et al JAMA 2021 Oct 12;326(14):1381-1389 evaluated the efficacy of fractional carbon dioxide laser for treatment of vaginal symptoms associated with menopause in a double-blind, randomized, sham-controlled trial with 12-month follow-up at a single tertiary referral hospital in Sydney, Australia. Enrollment commenced on September 19, 2016, with final follow-up on June 30, 2020. Participants were postmenopausal women with vaginal symptoms substantive enough to seek medical treatment. Of 232 participants approached, 85 were randomized. Three treatments using a fractional microablative carbon dioxide laser system performed 4 to 8 weeks apart, with 43 women randomized to the laser group and 42 to the sham group.
The co-primary outcomes were symptom severity assessed using a visual analog scale (VAS; range, 0-100; 0 indicates no symptoms and 100 indicates the most severe symptoms) and the Vulvovaginal Symptom Questionnaire (VSQ; range, 0-20; 0 indicates no symptoms and 20 indicates the most severe symptoms) at 12 months.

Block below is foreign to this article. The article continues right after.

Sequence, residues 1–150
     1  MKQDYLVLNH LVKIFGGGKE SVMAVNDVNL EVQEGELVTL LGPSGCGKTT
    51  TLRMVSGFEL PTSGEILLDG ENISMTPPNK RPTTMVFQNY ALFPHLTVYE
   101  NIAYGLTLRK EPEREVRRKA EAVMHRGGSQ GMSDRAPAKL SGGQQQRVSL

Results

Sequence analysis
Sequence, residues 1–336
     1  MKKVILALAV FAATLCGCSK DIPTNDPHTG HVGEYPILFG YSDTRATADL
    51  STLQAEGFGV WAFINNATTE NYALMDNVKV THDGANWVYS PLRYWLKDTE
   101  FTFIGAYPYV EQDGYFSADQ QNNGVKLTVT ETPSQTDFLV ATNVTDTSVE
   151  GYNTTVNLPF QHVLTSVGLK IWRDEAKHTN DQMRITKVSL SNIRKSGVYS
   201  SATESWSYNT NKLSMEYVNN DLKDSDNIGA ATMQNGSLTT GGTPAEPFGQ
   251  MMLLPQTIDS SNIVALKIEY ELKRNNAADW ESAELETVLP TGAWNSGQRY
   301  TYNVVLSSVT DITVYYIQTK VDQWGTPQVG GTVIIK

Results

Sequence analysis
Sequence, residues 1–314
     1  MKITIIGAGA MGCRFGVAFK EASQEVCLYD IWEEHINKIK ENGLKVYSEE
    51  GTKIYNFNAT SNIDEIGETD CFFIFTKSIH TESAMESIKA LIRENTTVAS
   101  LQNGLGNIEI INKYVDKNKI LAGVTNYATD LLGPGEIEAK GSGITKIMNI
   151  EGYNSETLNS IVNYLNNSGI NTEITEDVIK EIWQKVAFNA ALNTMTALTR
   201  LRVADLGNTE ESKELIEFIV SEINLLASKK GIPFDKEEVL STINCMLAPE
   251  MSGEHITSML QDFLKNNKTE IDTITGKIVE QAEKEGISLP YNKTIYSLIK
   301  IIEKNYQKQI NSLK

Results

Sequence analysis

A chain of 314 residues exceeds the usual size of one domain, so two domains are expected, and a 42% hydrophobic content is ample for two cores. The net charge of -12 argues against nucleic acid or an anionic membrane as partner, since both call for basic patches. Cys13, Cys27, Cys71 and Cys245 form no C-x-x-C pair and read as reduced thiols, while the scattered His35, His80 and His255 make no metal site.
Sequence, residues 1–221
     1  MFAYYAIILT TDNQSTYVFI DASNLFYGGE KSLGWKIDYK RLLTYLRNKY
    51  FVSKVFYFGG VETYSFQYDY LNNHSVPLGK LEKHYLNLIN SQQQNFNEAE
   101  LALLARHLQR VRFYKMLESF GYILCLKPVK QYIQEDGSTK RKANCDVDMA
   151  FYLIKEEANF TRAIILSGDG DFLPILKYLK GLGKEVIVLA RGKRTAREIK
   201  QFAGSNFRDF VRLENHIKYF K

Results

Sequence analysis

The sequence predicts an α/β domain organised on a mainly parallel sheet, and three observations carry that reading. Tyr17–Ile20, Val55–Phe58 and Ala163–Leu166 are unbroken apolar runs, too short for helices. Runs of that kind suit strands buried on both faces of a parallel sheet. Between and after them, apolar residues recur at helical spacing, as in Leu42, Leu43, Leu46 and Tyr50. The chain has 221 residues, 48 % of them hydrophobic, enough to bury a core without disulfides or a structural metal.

The minimal clinically important difference was specified as a 50% decrease in both VAS and VSQ severity scores. Of 85 randomized participants (mean [SD] age, 57  years), 78 (91.7%) completed the 12-month follow-up. From baseline to 12 months, there was no significant difference between the carbon dioxide laser group and the sham group in change in symptom severity
Conclusions and relevance: Among women with postmenopausal vaginal symptoms, treatment with fractional carbon dioxide laser vs sham treatment did not significantly improve vaginal symptoms after 12 months.